Vitamin D And Risk Of Prostate Cancer
Valerie Clinard, PharmDCampbell University College of Pharmacy & Health SciencesCo-Director, Campbell University Drug Information CenterBuies Creek, North Carolina
Campbell University College of Pharmacy & Health SciencesFuquay Varina, North Carolina
US Pharm. 2013 38:8-11.
ABSTRACT: Prostate cancer is the most common cancer in men and the second most common cause ofdeath from cancer among white, African American, American Indian/NativeAlaskan, and Hispanic men. The epidemiology of prostate cancer is notfully understood however, several risk factors have been documented,including increasing age, family history, and race. Vitamin D also hasbeen suggested as a risk factor. Dietary vitamin D intake, serum vitaminD levels, and sunlight exposure have been investigated to determinewhether vitamin D is associated with an increased or decreased risk ofprostate cancer. Epidemiologic studies evaluating the correlationbetween risk of prostate cancer and vitamin D levels are conflicting.
Excluding nonmelanoma skin cancer, prostate cancer is the most common cancer in men, regardless of race or ethnicity.1It is the second most common cause of death from cancer among white,African American, American Indian/Native Alaskan, and Hispanic men. In2008, a total of 214,633 men were diagnosed with prostate cancer in theUnited States, and 28,471 men died from the disease.
Questions And Answers About Selenium
Selenium is a mineral that is essential to humans in tiny amounts. Selenium is needed for many body functions, including reproduction and immunity. Food sources of selenium include meat, vegetables, and nuts. The amount of selenium found in the food depends on the amount of selenium in the soil where the food grows. Selenium is stored in the thyroid gland, liver, pancreas, pituitary gland, and kidneys.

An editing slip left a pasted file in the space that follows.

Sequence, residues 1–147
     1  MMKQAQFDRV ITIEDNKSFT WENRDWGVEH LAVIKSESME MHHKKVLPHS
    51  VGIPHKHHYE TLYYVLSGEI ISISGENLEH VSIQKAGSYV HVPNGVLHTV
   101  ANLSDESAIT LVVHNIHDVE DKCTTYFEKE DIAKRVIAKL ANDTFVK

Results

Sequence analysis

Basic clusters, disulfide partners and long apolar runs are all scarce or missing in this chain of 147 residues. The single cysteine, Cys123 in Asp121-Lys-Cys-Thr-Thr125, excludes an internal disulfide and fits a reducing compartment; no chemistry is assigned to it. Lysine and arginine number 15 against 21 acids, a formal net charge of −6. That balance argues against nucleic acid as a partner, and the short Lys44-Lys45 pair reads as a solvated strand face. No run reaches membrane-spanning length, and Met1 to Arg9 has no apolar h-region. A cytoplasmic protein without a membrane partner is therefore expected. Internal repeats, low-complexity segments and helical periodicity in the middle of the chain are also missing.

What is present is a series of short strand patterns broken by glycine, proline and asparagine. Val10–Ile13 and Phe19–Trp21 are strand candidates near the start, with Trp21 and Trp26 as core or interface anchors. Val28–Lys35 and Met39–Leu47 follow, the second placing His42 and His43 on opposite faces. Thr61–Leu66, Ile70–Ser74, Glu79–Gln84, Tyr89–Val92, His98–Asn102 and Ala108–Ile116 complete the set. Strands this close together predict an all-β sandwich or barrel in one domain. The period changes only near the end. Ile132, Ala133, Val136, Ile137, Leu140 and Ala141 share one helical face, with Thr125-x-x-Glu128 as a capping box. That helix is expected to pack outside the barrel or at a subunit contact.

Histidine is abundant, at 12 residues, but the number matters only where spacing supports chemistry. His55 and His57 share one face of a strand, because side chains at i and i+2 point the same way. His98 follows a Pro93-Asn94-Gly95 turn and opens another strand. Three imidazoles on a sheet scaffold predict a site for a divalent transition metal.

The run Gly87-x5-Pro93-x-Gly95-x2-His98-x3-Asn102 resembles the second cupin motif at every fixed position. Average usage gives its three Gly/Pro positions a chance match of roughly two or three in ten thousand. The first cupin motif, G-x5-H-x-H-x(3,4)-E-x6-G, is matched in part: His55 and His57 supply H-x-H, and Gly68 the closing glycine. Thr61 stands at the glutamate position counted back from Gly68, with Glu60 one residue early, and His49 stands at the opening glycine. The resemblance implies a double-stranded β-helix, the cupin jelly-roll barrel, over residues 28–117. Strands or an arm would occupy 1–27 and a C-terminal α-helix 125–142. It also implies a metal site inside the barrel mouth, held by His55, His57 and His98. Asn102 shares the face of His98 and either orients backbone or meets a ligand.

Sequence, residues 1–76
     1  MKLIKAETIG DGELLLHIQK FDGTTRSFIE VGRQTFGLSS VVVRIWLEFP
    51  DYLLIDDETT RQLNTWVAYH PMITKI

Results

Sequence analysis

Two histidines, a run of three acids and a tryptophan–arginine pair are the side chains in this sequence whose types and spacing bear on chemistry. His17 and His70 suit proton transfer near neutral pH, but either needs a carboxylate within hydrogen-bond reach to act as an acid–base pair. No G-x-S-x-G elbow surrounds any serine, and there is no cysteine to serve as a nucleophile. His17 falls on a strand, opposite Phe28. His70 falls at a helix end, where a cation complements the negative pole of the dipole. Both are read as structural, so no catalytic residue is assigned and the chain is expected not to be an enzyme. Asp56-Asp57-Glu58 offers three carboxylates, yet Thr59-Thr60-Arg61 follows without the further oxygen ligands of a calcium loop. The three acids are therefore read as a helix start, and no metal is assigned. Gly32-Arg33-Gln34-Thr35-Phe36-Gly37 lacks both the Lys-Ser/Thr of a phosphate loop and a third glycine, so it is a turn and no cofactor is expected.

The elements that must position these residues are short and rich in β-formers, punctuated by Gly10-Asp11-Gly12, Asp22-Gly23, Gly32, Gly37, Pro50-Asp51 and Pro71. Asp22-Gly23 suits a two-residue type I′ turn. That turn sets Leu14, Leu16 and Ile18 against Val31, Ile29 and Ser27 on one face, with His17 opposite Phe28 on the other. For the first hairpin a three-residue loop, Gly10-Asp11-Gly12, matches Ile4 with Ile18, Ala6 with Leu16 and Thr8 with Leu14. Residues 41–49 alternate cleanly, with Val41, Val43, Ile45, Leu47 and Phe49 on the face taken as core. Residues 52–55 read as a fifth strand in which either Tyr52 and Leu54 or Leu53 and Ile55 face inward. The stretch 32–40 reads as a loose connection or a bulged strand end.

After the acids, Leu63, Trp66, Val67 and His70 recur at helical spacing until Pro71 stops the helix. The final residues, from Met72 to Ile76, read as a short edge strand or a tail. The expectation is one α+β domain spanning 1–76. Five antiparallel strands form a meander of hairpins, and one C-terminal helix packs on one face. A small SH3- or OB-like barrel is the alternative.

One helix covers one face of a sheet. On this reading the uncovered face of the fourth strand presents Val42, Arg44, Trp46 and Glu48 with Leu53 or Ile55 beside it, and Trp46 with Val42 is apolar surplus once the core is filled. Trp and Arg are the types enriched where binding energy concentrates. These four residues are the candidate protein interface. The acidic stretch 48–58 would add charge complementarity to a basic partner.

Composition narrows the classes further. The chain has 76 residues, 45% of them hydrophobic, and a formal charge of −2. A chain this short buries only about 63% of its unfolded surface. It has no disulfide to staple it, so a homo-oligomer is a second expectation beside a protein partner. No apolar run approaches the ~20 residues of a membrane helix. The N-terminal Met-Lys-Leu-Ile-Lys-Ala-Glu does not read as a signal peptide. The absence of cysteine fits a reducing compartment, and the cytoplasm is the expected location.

Selenium may play a role in many diseases, including cancer. Results of the large National Cancer Institute-sponsored Selenium and Vitamin E Cancer Prevention Trial suggest that men with prostate cancer should not take selenium supplements.
Selenium may be eaten in food or taken in dietary supplements.
- Vitamin E and selenium.
- Two placebos.
Early results of SELECT reported in 2009 found no difference in the rate of developing prostate cancer among the 4 groups. In the selenium alone group, there was a slight increase in the rate of diabetes mellitus. Even though this change was not clearly shown to be due to the supplement, the men in the study were advised to stop taking the study supplements.
A study of 1,434 men in SELECT suggested that changes in certain genes which control the way selenium is used by the body may have an effect on the risk of developing prostate cancer.
Purpose Of This Summary
This PDQ cancer information summary has current information about the use of nutrition and dietary supplements for reducing the risk of developing prostate cancer or for treating prostate cancer. It is meant to inform and help patients, families, and caregivers. It does not give formal guidelines or recommendations for making decisions about health care.
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Vitamin D Sunlight And Prostate Cancer Risk
Charles Y. F. Young
1Department of Biochemistry and Molecular Biology, Mayo Clinic College of Medicine, Rochester, MN 55905, USA
2Departments of Urology, Biochemistry and Molecular Biology, Mayo Clinic College of Medicine, Rochester, MN 55905, USA
Prostate cancer is the second common cancer in men worldwide. The prevention of prostate cancer remains a challenge to researchers and clinicians. Here, we review the relationship of vitamin D and sunlight to prostate cancer risk. Ultraviolet radiation of the sunlight is the main stimulator for vitamin D production in humans. Vitamin D’s antiprostate cancer activities may be involved in the actions through the pathways mediated by vitamin D metabolites, vitamin D metabolizing enzymes, vitamin D receptor , and VDR-regulated genes. Although laboratory studies including the use of animal models have shown that vitamin D has antiprostate cancer properties, whether it can effectively prevent the development and/or progression of prostate cancer in humans remains to be inconclusive and an intensively studied subject. This review will provide up-to-date information regarding the recent outcomes of laboratory and epidemiology studies on the effects of vitamin D on prostate cancer prevention.